With that in mind, let’s look at who the Canadiens could potentially offer to Seattle from the ranks of their top point producers.
RW Tyler Toffoli, $4.25 million AAV, signed through 2024. Toffoli leads the Habs in both goals and points as of this writing (19 goals, 28 points), and on a per-game basis this could be his best year yet. He spent most of his career with the Kings before being moved to Vancouver; he signed with Montreal this off-season. He’s not somebody Montreal has put a lot of blood, sweat, and tears into developing, so they might just be okay with dealing him to Seattle. Toffoli earns his living in the shallow slot; most of his goals are within a stick’s reach of the net. His career totals are 556 games played, 164 goals, 164 assists, and a combined plus-91. If scoring is what the Kraken need, they could do a lot worse.
LW Jonathan Drouin, $5.5 million AAV, signed through 2023. Drouin is a passing sorcerer. If there is a hole big enough for a puck to fit through, he will thread that needle. Tap passes to teammates in the slot, 120-foot stretch passes tape-to-tape, no-look backhand passes to late-breaking defensemen. His stats illustrate this very well: in 383 games he has 69 goals and 161 assists. Not as exciting as Toffoli, but as good a set-up man as you will find.
C Nick Suzuki, $863,000 AAV, RFA (exempt). If the Canadiens are willing to give up Suzuki, then they *really* must want to hold on to Jake Allen. Suzuki is in the #2C role right now, and looks to stay there for many years to come. He is both fast and hard to knock off the puck, and is an intelligent player who sees the ice well. He put up 41 points in 71 games in his rookie season last year, and has improved his defensive game this year on top of that. Suzuki is a rising star in the Canadiens organ-eye-zation, and being able to pick him up would be a huge win.
C Jesperi Kotkaniemi, $925,000 AAV, RFA. Bigger and younger than Suzuki, this play-making forward went straight from his #3 overall selection in the 2018 draft to a regular spot in the Canadiens’ lineup. His rookie year he posted 11 goals and 23 assists in 79 games; he weathered the stereotypical Sophomore Slump, and is now performing well again centering the third line. Kotkaniemi has a lightning-fast release on a deceptive and pinpoint accurate shot, and he gets many of his goals from right in an opposing goalies’ kitchen. And despite his 6’2″ frame, he still has very good speed. Another future star with the Canadiens, or maybe the Kraken, if we can pry him away.
The other thing that Montreal has in abundance is young defensemen with genuine potential. Based on what we believe to be the protected lists across the league, the Kraken should be able to put a competitive defensive corps on the ice from Day 1. But in order to sustain that success in their own zone, they need to start building a group of young, talented blueliners in the farm system. Montreal could potentially contribute some raw materials to that building effort.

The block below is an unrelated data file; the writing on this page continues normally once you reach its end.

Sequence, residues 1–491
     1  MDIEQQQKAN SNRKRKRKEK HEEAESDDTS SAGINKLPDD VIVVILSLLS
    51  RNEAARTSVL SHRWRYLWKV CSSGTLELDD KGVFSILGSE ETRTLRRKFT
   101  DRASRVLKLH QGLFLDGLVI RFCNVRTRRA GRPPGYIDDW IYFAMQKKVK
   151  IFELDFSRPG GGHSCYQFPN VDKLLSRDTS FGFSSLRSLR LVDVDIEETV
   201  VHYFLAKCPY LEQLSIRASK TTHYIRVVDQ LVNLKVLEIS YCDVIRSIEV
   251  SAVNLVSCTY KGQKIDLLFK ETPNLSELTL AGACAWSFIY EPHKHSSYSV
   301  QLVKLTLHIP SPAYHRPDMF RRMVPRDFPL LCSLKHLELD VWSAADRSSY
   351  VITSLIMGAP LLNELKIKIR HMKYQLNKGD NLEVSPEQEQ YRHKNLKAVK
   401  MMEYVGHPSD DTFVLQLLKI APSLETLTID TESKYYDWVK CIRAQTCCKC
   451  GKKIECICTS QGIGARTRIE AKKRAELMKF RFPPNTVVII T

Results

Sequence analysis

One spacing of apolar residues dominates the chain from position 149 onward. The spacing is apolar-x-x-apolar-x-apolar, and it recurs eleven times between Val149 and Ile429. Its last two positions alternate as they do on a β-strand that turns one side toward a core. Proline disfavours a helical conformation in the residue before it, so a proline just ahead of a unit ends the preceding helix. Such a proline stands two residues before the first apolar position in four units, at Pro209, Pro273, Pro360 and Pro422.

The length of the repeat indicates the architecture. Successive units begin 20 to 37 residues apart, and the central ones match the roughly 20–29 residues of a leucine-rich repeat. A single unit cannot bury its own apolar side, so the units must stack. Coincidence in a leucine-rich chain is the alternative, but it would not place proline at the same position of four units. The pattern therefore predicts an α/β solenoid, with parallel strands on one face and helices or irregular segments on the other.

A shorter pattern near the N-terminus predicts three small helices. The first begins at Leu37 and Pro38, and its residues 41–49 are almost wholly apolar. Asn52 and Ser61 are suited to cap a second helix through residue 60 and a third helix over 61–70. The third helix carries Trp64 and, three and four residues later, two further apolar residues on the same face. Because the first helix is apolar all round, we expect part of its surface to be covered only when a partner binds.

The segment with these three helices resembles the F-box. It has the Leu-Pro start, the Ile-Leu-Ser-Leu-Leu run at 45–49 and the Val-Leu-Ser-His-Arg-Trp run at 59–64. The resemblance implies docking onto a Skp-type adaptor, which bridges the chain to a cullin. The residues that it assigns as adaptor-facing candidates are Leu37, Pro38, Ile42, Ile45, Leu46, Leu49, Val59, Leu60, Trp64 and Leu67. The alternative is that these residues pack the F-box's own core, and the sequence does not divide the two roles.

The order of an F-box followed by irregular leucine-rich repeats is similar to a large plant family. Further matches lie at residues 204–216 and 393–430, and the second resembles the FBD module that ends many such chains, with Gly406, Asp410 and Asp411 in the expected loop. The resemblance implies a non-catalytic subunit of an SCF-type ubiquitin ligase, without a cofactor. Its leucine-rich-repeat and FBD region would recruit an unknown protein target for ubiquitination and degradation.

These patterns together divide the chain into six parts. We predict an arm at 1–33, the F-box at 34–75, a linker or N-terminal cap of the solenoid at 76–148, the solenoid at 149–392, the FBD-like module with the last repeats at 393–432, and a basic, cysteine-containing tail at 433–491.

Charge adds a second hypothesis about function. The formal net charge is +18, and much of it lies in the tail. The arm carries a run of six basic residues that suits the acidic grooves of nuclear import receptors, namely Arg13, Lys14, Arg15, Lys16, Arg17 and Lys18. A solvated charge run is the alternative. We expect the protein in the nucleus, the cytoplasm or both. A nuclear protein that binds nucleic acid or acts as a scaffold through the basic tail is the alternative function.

LD Kaiden Guhle, $925,000 AAV, signed through 2023. Without question this is a lump of coal, but with the right application of time and nurturing he’s a potential diamond. Scouting reports on him are glowing across the board: goals, playmaking, and defense. Last year with Prince Albert is a good example: 11 goals, 29 assists, and a plus-23. Guhle is only 19, so it’s likely that he has not fully filled out his 6’3″, 209 lb. frame. If he reaches his full potential, he’s the next Shea Weber. The unfortunate detail here is that this current season has been hampered by injury, and scouts may not get a good look at him before the expansion draft.
LD/RD Alexander Romanov, $894,000 AAV, signed through 2022. Here we have a more fully developed player, but the upside is somewhat limited. Romanov is a 21-year-old stay-at-home style defenseman who put in two full seasons with CSKA Moskva in the KHL before coming to North America. He made the Habs’ opening night roster straight out of camp, and has played 33 games on the bottom pairing for Montreal this year — notching a goal and 4 assists, and currently sits at plus-8 on the year. Young, inexpensive, reliable, and NHL-ready right now.
RD Victor Mete, $735,000 AAV, RFA. Small. That’s what you’re going to hear about this right-shot defenseman: he’s too small. But what he lacks in size he makes up for in speed and smarts. Despite his youth this is his fourth year with the big club, spending most of his time on the bottom pairing and filling in higher up the depth chart when injuries occur. His time with the OHL’s London Knights illustrate his potential: 176 games, 30 goals, 75 assists, and a combined plus-108. And whether it’s the OHL, AHL, or NHL, Mete is never in the minus column. Never. He’s the perfect illustration of the new NHL: size does not necessarily matter.
Montreal fans are going to kill themselves laughing when they read this list, never believing that the Canadiens will part with any of these assets under any circumstances. (They may be in for quite a rude shock on draft day, but that’s immaterial.) If they’re right, and Marc Bergevin thinks the price Ron Francis is asking to steer clear of Jake Allen is highway robbery, then that will be just fine with Seattle. They’ll select Jake Allen, and get their starting goaltender.
And that’s the best part of the situation with Montreal vis-a-vis the expansion draft: the Kraken literally can’t lose. Bergevin is going to have to part with one, and potentially more than one, key piece of the puzzle for his club. That’s the circumstance he’s put himself in; he is building a team with the ability to go deep in the playoffs in the year leading up to the expansion draft. He had to know that he would be unable to have his proverbial cake and eat it too.
If there is a deal to be made, I would love to have us pick up Toffoli and Romanov, and I think that’s a realistic ask in addition to the first-round pick. It was always going to be a tough task to entice Seattle to ignore valuable assets that teams were forced to leave exposed. Challenging financial circumstances have made it an even tougher hill to climb. That shouldn’t surprise anyone.
But, truth be told, I don’t want a deal to happen with the Canadiens. I want Allen with #34 on the back of his Kraken jersey and between the pipes at Climate Pledge Arena on opening night. More than any player, prospect, or draft pick Montreal can offer, I believe Allen has more potential to positively impact the fortunes of this team. My guess is that Allen is itching to get the starter designation again, and prove that he can backstop a team to playoff success. And I hope he gets to do that in Seattle.
You’ll be able to check out a good number of the players we discussed here tomorrow night, when the Canadiens take on the Maple Leafs. And, as luck would have it, Carey Price is out with an injury and will not be in the lineup for this tilt, so it is highly likely that we will see Jake Allen in goal. Game time is 4:30pm Pacific on Wednesday, April 7th on NBCSN.